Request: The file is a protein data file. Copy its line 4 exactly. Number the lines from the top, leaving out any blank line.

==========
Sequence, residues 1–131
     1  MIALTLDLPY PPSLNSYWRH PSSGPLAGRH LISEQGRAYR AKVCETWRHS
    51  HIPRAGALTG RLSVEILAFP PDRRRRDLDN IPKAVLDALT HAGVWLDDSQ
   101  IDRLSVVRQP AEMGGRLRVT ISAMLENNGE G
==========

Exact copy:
   101  IDRLSVVRQP AEMGGRLRVT ISAMLENNGE G